Tishman Auditorium, The New School (12th St/5 Av)
The Hugeness of What Is Missing
by Richard Pearse
How can poetic words measure up to the fall of 110 stories times two? Or compete with the flood of instant images and commentary from the media? Well, they can try, and the individual reaction can sometimes tell more than the mass reflex. This reading, which raised over $2000, was well attended; Tishman Auditorium was well over half-filled by an audience constantly shifting and intermittent, attentive and overloaded. Dozens of readers, almost four hours, and how much can the ear hold? Here are a few random and arbitrary impressions.
Many earlier poets were read, to help time bridge the spatial gap: Shakespeare, the Epic of Gilgamesh, Whitman, Frost, Dylan (recited, unsung). Lou Reed read from a play about Poe that sampled that perfervid fascination with death. Most readers, however, chose their own words as first and last friends. David Lehman told conversationally of a conversion: how the Towers went from ugly to comely once they were attacked in '93. Hal Sirowitz wryly answered our mayor's urgings to keep doing what we're doing by vowing to stay home and keep writing about his mother, or his own circular bleeding--yes, routine has its rewards.
Bob Mack, a broker who worked nearby, testified to the experience of survival. Dana Bryant, an actress, torched her way through Murphy's "Write Me a Poem," and dared us all to make a connection between the erotic and political word. Willie Perdomo linked the Tower victims with Mexican sharecroppers. Suheir Hammad roared a capacious litany of thank-you's for missing death, and kept celebrating its alternatives. Alix Olson rapped on outlaws as survivors as outlaws. Bill Kushner found himself walking with Whitman after the disaster and found both of them containing multitudes. Michael T. Young found the twin gaps to be "an eruption that rises endlessly." Jackie Sheeler lamented the phone's failure to reach a friend feared missing with other disconnections. Samuel Menashe went back to his experiences in the Second World War and the feeling of being defenseless on the night before an offensive, and let us do the updating. Regie Cabico managed a manifold lament, wry and wistful: "We are all addicted to collisions." John Del Peschio quietly noted the fragility of heirlooms: his mother's pottery, his hometown's profile.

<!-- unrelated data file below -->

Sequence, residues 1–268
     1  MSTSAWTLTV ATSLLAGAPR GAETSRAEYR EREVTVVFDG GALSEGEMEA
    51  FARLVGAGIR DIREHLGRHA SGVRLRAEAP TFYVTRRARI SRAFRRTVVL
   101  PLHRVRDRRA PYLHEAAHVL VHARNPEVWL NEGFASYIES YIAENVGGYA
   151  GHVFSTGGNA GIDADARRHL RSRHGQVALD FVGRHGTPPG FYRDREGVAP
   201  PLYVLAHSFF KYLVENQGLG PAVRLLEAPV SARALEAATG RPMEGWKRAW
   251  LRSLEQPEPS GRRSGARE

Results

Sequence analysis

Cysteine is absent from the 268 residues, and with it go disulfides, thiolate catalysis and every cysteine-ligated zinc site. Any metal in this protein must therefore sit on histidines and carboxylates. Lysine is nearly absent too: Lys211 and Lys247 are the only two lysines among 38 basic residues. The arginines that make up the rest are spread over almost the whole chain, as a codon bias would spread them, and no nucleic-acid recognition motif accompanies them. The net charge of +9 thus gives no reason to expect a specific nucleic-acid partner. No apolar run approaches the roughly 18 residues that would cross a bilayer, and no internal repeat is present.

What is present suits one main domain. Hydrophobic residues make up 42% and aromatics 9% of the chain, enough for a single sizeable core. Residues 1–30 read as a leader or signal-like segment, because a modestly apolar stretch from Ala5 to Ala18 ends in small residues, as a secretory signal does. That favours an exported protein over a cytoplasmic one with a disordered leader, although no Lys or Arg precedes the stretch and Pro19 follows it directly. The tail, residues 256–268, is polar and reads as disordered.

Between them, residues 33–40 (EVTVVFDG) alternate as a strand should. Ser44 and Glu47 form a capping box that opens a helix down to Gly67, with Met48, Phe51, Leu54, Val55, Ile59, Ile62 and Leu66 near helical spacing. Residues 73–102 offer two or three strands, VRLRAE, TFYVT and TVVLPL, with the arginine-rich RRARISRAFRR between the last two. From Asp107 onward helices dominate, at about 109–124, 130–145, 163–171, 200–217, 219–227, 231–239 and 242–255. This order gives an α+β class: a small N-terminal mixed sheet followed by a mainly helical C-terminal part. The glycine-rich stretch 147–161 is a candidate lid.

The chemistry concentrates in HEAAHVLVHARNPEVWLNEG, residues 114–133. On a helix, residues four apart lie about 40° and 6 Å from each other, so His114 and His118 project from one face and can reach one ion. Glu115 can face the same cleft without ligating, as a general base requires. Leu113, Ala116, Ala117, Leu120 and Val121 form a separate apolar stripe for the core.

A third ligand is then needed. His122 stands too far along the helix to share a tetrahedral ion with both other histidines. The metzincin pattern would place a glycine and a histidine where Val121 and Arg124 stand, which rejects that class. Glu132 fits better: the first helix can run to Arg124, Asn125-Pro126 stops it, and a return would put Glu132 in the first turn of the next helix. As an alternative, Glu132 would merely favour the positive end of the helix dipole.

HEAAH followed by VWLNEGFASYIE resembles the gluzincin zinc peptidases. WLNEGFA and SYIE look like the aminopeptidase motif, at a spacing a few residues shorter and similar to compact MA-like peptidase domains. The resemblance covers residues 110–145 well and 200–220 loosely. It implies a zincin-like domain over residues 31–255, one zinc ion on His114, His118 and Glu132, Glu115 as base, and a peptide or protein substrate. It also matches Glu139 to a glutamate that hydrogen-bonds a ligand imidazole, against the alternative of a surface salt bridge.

One real peacemaker was there: Giandomenico Picco, Personal Representative of the Secretary-General of the U.N. for the 2001 Year-Long Dialogue Among Civilizations. He helped negotiate the Soviet withdrawal from Afghanistan and helped bring an end to the Iran-Iraq war. He read a moving meditation on reconciliation. Students from PS 321 and MS 51 read monologues that were both immediate and scrupulous.
This is by no means a comprehensive or even a fair summary of what occurred. The words were, of necessity, often rough and provisional, like the tattered city they celebrated, and like the planet for which it stands. A good cause, a good sum raised, and proof that, without needing anyone's urging, we're still here, doing what we're doing.
A second benefit reading took place the same evening in San Francisco. Ram Devineni, publisher of Rattapallax, was the primary organizer of both events.
(Richard Pearse's collection, Private Drives: Selected Poems, 1969-2001, has recently appeared from Rattapallax Press.